As currently deployed, CAR T cell therapy involves drawing T cells of the immune system from a patient and adding engineered proteins. These are the chimeric antigen receptors that put the “CAR” in “CAR T,” and they enable the T cells to recognize cancer. The therapeutic cells are then reinfused back into the patient, where they can go to work battling cancer. This treatment has gained Food and Drug Administration (FDA) approval for certain leukemias and lymphomas, with multiple myeloma added to the list in early 2022.

However, adapting CAR T cell therapy to fight HIV/AIDS is not as simple as substituting virus-recognizing receptors in place of those that latch onto cancer cells. 

The complication is, in part, a consequence of HAART’s success. Viral levels can fall low enough that CAR T cells aren’t activated and, as a result, their numbers dwindle. Since 2015, Wang and her colleagues have been working on an ingenious way to overcome this limitation. 

For their HIV-detecting CARs, the researchers select a subset of T cells specialized to find and kill CMV. The idea is that later, doctors would administer a vaccine for CMV, called Triplex, that was developed at City of Hope by Don Diamond, Ph.D., professor in the Department of Hematology & Hematopoietic Cell Transplantation and exclusively licensed to Helocyte, Inc., a subsidiary of Fortress Biotech. CMV itself is relatively harmless to most people, but can be very dangerous to the immunocompromised, including patients recovering from blood stem cell transplants. 

From there, the vaccine is expected to stimulate the CAR T cells to proliferate within patients’ bodies — a unique advantage not yet achieved otherwise. Clinical trials testing that strategy for leukemia and lymphoma are about to open. 

For the HIV-fighting component, the researchers keyed on a specific antibody, N6, that fits a particular protein, called gp120, found in a range of viral variants.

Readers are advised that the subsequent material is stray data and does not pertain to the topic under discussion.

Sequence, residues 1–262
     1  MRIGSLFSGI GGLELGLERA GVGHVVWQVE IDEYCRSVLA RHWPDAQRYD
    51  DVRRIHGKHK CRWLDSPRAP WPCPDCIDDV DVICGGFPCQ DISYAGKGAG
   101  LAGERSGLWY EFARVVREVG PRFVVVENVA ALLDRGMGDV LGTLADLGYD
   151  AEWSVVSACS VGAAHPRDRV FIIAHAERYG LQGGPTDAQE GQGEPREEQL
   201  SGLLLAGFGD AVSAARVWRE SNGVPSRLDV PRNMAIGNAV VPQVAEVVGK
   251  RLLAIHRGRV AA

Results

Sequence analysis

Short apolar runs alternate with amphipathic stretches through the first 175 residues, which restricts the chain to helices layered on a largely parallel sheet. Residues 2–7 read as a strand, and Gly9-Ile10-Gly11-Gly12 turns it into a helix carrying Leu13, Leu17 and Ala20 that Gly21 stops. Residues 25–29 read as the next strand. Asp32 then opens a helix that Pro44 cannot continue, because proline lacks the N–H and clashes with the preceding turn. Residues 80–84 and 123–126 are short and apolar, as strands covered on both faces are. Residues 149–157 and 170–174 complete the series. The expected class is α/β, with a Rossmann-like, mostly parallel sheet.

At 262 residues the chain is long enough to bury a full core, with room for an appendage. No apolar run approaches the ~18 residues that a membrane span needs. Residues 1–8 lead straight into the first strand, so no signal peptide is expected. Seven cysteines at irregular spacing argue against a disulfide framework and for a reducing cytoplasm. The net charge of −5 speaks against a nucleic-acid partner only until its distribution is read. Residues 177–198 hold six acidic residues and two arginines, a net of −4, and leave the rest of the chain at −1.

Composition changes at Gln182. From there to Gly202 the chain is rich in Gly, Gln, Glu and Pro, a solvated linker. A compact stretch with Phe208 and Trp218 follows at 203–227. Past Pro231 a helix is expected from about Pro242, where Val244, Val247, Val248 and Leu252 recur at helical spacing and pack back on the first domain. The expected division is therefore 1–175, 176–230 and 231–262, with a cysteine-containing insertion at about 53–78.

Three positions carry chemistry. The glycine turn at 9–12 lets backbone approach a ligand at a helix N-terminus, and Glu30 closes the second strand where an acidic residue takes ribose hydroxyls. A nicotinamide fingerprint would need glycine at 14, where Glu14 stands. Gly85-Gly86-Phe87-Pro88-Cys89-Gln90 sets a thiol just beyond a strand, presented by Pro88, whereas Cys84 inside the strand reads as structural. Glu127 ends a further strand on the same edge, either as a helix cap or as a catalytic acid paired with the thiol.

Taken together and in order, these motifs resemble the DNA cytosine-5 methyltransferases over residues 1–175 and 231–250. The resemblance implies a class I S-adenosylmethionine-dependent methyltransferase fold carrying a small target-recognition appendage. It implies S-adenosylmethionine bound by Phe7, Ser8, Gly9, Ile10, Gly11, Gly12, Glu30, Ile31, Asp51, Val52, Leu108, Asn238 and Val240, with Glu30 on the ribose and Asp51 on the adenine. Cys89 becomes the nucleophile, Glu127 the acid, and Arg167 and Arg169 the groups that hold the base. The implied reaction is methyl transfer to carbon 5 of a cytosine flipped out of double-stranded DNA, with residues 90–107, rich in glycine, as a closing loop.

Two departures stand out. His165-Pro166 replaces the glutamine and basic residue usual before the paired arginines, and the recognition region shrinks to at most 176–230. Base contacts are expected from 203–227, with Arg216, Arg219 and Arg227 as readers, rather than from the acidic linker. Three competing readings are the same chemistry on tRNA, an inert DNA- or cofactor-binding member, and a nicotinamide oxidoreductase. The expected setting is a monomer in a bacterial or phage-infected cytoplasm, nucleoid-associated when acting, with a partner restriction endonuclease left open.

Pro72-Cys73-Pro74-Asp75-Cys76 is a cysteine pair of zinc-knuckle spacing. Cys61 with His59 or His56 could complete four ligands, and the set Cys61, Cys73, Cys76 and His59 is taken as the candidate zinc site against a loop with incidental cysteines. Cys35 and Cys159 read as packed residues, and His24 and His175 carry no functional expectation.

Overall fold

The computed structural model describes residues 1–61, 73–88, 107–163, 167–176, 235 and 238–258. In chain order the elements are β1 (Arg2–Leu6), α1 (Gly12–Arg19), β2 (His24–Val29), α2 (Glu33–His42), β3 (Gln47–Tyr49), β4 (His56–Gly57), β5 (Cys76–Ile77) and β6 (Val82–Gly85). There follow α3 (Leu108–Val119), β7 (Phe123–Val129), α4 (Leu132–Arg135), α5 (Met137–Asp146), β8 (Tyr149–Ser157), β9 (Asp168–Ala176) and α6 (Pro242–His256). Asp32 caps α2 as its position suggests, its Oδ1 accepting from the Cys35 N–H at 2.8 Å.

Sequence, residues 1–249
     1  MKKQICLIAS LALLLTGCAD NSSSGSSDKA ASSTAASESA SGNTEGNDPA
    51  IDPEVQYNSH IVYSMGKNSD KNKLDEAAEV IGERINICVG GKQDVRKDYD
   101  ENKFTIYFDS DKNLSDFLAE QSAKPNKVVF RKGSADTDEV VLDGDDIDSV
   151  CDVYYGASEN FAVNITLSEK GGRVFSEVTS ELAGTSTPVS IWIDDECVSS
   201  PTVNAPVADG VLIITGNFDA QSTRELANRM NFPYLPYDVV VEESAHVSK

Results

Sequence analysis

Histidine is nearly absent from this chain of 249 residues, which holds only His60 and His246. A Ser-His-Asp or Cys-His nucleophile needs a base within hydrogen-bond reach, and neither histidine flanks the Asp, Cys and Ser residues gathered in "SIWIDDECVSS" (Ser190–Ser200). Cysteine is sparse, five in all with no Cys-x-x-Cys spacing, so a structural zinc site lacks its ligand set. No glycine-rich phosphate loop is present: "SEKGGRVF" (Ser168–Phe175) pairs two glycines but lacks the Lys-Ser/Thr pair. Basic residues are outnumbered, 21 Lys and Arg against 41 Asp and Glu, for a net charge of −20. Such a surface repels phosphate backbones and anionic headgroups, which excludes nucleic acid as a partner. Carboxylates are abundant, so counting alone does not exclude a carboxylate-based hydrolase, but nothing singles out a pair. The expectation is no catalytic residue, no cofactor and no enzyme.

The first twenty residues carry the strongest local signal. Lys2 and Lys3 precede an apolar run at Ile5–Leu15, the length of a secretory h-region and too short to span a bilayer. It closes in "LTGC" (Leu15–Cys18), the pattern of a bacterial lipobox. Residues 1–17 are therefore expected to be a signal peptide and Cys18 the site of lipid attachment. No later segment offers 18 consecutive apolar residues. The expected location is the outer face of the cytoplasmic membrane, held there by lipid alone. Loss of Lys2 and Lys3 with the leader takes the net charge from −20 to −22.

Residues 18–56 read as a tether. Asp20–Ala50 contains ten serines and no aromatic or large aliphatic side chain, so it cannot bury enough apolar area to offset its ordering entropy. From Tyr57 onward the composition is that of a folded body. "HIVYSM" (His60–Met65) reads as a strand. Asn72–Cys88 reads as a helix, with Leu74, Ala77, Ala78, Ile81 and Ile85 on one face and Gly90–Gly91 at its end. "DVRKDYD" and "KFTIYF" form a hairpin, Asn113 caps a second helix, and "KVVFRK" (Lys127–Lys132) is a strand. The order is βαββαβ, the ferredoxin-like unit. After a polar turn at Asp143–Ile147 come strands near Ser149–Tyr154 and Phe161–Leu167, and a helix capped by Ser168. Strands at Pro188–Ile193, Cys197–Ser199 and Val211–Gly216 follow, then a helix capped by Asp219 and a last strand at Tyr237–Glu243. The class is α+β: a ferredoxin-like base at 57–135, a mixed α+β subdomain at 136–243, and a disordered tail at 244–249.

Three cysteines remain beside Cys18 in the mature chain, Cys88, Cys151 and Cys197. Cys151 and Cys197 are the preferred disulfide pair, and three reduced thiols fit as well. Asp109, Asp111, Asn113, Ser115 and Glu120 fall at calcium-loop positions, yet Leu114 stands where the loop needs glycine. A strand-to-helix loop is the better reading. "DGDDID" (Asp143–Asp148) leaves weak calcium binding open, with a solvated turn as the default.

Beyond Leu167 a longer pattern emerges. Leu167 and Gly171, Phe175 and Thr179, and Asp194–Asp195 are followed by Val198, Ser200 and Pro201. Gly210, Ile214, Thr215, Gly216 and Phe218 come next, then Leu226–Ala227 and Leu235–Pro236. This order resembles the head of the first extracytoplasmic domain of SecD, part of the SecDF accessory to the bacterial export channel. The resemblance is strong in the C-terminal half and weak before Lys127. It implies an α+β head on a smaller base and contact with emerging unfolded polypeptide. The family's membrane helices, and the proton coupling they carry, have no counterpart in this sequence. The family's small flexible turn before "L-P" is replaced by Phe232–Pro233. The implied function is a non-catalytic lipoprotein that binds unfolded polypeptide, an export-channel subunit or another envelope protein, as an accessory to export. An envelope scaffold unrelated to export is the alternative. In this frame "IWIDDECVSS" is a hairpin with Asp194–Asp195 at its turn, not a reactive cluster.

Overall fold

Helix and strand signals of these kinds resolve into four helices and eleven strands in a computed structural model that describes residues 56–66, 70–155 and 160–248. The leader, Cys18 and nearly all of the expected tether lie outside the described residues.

“You have to have a broad spectrum, because HIV mutates rapidly,” Wang said. “If you don’t cover enough, the virus can escape the CAR.”

Hope against HIV/AIDS — and beyond

Wang Xiuli
Xiuli Wang, Ph.D.

The study backed the effectiveness of the combination treatment. In cultured human cells, the CAR T cells killed cells tagged with the gp120 protein, and kept killing them, without significant signs of risking damage to healthy cells. In a mouse model for HIV/AIDS, high doses of the dual-action CAR T cells followed by the CMV vaccine were successful in controlling HIV, and even nestled into the bone marrow. 

For manufacturing, the team had the benefit of the Cellular Therapies Production Center, one of four on-site facilities where City of Hope makes treatments for preclinical and clinical research. Wang also expressed gratitude for the support of co-author John Zaia, M.D., holder of City of Hope’s Aaron D. Miller and Edith Miller Chair for Gene Therapy and director of the Center for Gene Therapy. In addition to major funding from CIRM, the research was supported by a donation from philanthropist and LGBTQ+ advocate Elliott Sernel. 

Data from the study will pave the way for the researchers to submit an investigational new drug disclosure to the FDA, an important step before clinical trials can commence. 

If City of Hope’s vaccine-aided CAR T cells deliver positive results in such studies, biomedical science will not only add a durable therapy to its arsenal against HIV/AIDS, it will also inaugurate an innovative therapeutic platform with the potential to be applied to a host of diseases.